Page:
A sense of proportion
In “Mrs Dalloway” when an unhappy young woman takes her shell-shocked husband to a clinic, the psychiatrist declares that he is not mad, he just lacks a sense of proportion. Virginia Woolf is generally considered a grim heavyweight novelist but personally I have always found her work irresistably comic and full of exhilarating caustic irony, of which this incident I quote here is a prime example.
I bought this copper Roman coin in the Spitalfields Market in 1997 to remind me to keep a sense of proportion. It only cost £2.30 and, with the millenium approaching, I wanted a thousand-year-old item to give me a sense of chronological perspective. When I took it to the British Museum, they told me it was in fact fourth century, made here at the time of the Emperor Arcadius and of very little value. You can see Arcadius’ head on the coin in the picture above, he was among the earliest emperors to rule from Constantinople, a minor emperor. I was delighted to learn that on the reverse is Minerva, the goddess of wisdom – this suited my aspiration well.
Most interesting, was to discover that the piercing of the coin at the back of the head was original. The custom was for lovers to wear them as tokens of affection, keepsakes. Since then, I have worn it round my neck every day on a leather thong and never ceased to wonder who wore it here in Britain all those years ago and what was the story. This coin and I have now have innumerable stories that I would like to tell the original owner. I was wearing it in New York on 11th September 2001 and again in Holborn on 7th July 2005. There was the time I stepped from the ocean on a remote beach at the western end of Cuba in 1998 to discover the wallet containing my money, cards, passport and tickets was stolen. The only coin I had left was this one.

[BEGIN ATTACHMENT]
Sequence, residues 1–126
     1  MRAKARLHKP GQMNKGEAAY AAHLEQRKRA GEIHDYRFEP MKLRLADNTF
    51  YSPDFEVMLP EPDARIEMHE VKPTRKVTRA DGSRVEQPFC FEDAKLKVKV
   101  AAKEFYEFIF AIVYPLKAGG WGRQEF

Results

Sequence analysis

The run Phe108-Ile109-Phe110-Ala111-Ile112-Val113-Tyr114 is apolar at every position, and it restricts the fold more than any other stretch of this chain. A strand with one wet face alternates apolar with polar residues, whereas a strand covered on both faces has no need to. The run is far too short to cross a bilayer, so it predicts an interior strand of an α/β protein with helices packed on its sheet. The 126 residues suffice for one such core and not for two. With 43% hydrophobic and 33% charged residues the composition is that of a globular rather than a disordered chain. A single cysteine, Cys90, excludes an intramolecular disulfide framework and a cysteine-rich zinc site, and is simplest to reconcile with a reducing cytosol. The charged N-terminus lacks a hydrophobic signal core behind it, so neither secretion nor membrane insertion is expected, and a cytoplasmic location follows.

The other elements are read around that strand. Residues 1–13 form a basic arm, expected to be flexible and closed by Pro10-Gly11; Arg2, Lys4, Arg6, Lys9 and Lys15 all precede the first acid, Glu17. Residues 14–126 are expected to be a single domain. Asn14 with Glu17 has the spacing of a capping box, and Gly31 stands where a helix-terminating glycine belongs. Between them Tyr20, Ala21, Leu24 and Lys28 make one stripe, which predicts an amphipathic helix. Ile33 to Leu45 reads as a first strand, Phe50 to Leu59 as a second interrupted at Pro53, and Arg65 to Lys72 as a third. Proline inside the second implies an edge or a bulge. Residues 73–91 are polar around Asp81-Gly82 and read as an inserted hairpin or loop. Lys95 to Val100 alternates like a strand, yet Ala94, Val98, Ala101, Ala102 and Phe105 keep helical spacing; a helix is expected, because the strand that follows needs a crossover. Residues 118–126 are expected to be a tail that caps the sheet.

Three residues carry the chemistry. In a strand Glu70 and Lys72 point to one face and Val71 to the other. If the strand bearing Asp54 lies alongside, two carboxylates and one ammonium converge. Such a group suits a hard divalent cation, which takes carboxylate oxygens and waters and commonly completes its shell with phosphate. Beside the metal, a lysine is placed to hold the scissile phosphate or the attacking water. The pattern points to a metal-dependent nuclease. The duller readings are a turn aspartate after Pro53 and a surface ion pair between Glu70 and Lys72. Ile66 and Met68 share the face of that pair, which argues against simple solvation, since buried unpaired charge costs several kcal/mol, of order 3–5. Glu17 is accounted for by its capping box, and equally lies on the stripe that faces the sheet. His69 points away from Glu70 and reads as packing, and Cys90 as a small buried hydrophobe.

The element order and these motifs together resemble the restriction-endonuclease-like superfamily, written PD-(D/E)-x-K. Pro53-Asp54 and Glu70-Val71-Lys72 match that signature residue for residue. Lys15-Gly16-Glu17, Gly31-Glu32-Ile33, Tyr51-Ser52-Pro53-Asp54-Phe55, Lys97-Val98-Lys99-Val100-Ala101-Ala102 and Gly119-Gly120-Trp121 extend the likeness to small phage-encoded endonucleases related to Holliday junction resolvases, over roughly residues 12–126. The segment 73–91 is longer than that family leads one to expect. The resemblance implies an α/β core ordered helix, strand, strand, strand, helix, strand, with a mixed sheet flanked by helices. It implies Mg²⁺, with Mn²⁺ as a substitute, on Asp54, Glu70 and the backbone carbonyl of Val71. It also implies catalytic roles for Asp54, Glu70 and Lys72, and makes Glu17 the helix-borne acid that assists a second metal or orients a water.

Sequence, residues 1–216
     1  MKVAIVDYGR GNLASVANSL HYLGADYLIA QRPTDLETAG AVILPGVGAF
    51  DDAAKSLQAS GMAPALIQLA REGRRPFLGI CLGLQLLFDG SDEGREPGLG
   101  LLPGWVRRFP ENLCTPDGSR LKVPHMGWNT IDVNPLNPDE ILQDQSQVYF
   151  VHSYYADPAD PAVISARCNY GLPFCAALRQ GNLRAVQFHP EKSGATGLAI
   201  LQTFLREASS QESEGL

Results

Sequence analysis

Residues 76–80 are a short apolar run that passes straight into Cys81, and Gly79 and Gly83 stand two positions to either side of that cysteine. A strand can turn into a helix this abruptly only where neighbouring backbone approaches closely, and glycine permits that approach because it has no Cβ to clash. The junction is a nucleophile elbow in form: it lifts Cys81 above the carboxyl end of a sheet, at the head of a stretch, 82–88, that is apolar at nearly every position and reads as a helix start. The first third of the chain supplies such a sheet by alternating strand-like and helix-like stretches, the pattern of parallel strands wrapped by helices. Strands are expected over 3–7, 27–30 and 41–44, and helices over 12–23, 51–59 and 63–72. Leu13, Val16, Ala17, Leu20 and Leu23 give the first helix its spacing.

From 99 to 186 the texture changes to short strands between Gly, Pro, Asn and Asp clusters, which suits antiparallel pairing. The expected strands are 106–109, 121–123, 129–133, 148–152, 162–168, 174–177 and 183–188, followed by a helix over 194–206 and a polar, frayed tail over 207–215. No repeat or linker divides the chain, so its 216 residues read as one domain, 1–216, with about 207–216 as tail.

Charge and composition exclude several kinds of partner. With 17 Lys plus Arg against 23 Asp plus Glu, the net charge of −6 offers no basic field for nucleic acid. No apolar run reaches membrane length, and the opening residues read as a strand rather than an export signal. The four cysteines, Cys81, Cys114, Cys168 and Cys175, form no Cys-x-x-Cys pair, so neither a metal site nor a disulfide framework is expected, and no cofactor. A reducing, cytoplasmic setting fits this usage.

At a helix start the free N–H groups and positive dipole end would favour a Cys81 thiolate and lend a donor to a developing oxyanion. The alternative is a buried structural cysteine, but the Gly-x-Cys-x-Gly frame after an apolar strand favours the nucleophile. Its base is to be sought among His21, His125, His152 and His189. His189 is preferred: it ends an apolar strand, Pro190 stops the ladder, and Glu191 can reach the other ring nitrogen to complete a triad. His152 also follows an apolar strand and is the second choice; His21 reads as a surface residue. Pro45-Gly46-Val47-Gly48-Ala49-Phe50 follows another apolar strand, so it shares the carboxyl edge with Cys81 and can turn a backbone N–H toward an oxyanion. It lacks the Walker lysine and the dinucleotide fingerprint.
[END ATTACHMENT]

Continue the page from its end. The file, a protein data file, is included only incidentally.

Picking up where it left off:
At the time I bought the coin in the market, they were excavating the Roman cemetery in Spitalfields that now lies beneath the new development. The antiquarian John Stow described how in 1576, in a brick-field near the Spital-churchyard, there were discovered Roman funeral urns, containing copper coins of Claudius, Vespasian, Antoninus Pius and Trajan. It is possible that my coin was from that cemetery.
In 2006, I added the two gold wedding rings that my mother had worn up until her death. One was her own wedding ring and the other was her mother’s. I have never worked out which is which but since my grandfather was a bank manager whereas my father was an engineer working on the shop floor, I assume that the thicker one was my grandmother’s and the other was my mother’s.
These rings are a powerful reminder of how I came to be, my personal relationship to the passage of time as I understand it, through the succession of generations in my family. Wearing the rings beside the Roman coin affords a broader perspective, setting family history against the span of history itself. The function of these keepsakes is to help me hold these thoughts in mind, to sustain me in the constant human struggle to maintain a sense of proportion.